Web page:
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Using Grips to Modify Hatch Objects

Using Grips to Modify Hatch Objects
Learn how to use grips to modify hatch objects in AutoCAD 2018. Get quick and easy video tutorials on grip and modifying objects by AutoCAD experts.

You can use grips to manipulate hatch objects in a number of ways. Select a hatch object. The program displays the Hatch Editor contextual ribbon. You can also use the tools on this ribbon to modify any of the properties of the hatch.

In the center of the hatch object is a round blue grip. You can use this center grip to directly manipulate the hatch object. When you move the cursor over the grip, the program displays a dynamic menu that shows the various ways in which you can directly modify the hatch. You can select any of these options. And when you select the grip to make it the active grip, you can also press the CTRL key to cycle through the different behaviors.

For example, select the Stretch option, and now you can move the hatch object. When you select a non-associative hatch object such as this one, you see additional grips on the boundaries of the hatch. You can then use these grips to edit the boundaries of the hatch.

Note, however, that if the hatch object had been associative and you move it in this way, it will lose its association to the original boundary objects. In other words, it will no longer be an associative hatch object.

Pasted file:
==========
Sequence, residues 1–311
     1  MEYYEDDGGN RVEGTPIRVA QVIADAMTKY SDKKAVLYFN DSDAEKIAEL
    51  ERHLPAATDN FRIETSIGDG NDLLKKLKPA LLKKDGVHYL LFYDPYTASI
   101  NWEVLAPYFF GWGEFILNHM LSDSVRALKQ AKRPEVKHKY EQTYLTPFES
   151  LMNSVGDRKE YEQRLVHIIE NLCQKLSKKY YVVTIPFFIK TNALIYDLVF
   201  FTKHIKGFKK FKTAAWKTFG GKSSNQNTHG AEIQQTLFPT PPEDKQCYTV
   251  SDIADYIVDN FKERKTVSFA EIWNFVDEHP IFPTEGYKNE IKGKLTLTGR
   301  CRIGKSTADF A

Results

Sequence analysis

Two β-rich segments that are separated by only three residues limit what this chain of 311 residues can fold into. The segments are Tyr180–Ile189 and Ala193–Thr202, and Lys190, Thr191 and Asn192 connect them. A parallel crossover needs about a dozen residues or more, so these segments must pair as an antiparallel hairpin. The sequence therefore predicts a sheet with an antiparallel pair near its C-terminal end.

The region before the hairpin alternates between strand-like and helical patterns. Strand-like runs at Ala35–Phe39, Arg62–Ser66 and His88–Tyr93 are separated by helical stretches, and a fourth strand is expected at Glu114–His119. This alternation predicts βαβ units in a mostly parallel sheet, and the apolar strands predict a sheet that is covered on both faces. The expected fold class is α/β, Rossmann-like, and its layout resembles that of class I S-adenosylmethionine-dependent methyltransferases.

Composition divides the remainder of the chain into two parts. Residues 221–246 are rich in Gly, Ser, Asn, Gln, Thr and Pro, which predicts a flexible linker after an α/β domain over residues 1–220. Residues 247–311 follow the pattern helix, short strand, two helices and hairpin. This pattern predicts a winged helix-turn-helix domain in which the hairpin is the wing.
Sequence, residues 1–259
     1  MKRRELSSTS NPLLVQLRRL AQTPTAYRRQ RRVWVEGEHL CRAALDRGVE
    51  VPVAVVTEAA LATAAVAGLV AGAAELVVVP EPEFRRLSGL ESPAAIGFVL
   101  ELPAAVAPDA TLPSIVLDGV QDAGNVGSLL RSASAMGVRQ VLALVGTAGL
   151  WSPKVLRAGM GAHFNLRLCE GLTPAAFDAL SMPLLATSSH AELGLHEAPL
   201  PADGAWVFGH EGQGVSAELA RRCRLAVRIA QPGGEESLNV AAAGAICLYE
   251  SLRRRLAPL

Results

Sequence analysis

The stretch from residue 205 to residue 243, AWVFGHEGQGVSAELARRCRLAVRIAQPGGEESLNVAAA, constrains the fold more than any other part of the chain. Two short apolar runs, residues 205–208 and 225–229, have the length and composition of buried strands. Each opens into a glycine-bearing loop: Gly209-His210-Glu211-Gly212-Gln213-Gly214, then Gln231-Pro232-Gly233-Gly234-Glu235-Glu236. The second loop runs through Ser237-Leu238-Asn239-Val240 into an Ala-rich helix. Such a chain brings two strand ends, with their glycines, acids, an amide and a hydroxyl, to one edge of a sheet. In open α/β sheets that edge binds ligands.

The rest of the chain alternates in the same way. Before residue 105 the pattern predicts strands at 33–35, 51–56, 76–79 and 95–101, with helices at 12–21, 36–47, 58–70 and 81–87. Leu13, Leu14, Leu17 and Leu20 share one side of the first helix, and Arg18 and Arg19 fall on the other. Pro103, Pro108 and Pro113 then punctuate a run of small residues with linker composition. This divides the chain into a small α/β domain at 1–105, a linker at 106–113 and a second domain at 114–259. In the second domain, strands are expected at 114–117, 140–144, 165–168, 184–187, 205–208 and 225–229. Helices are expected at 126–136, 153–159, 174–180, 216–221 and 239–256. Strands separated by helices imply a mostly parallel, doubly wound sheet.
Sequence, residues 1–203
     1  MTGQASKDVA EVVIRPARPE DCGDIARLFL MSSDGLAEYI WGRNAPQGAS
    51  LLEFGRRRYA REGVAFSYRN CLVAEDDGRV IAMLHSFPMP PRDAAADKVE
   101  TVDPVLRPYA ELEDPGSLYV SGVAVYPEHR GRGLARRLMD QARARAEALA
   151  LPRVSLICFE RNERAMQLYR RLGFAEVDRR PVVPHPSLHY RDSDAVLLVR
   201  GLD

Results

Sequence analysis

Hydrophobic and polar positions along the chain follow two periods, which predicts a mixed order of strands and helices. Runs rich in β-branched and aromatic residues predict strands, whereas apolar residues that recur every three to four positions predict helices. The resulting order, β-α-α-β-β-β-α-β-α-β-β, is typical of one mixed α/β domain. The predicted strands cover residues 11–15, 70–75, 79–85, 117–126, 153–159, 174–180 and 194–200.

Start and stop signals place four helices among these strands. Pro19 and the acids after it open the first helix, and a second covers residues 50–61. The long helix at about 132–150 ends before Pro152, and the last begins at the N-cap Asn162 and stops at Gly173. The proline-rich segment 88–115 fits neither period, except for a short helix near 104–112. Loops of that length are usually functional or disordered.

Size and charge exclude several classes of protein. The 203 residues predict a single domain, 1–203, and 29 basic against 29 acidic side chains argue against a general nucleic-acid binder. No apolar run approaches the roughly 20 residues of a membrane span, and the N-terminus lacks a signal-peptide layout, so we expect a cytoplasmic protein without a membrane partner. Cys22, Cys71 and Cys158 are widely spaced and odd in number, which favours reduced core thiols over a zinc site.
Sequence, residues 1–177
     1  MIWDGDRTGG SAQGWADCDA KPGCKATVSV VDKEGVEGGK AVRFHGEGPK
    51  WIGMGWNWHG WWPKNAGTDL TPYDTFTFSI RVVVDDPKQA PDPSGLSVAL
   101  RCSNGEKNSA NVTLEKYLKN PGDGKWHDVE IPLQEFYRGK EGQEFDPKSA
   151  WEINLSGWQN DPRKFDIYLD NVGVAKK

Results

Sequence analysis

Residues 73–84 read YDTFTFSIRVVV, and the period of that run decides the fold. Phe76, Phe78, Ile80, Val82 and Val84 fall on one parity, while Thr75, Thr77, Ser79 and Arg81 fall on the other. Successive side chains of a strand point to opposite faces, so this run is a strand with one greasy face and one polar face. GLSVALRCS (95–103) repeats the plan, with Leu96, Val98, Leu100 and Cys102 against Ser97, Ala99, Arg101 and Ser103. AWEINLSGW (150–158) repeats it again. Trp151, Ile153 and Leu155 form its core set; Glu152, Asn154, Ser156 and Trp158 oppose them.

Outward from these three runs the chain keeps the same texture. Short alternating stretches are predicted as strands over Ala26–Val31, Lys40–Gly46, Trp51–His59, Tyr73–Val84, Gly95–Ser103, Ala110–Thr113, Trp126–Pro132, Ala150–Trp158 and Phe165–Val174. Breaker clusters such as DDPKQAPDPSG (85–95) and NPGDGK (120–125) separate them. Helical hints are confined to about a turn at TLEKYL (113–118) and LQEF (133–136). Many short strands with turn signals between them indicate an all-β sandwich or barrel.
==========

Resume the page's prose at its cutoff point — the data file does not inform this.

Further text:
When you are editing the boundaries of a non-associative hatch object, the program displays both primary and secondary grips. You can then edit the boundaries of the hatch object as you would modify a closed polyline. You can stretch vertices or segments, add or remove vertices, and convert line segments into arcs, and arc segments into lines.

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Choose the Origin Point option. Now you can dynamically reposition the origin of the hatch. For example, you can relocate the hatch origin to the lower-left corner of the rectangle so that the block coursing starts at the bottom of the rectangle.

Now choose the Hatch Angle option. With this, you can interactively adjust the hatch angle, or simply type a new angle value, rather than having to first click in the Angle field on the ribbon.

And lastly, choose the Hatch Scale option, and now, you can similarly adjust the hatch pattern scale.

Be aware that if you select more than one hatch object, the program displays the Hatch Editor contextual ribbon. Any changes you then make using the tools in the ribbon will affect all of the currently selected hatch objects. For example, if you change the scale, both hatch objects immediately update. However, you can still use the grips to manipulate individual hatch objects.

Source: Autodesk

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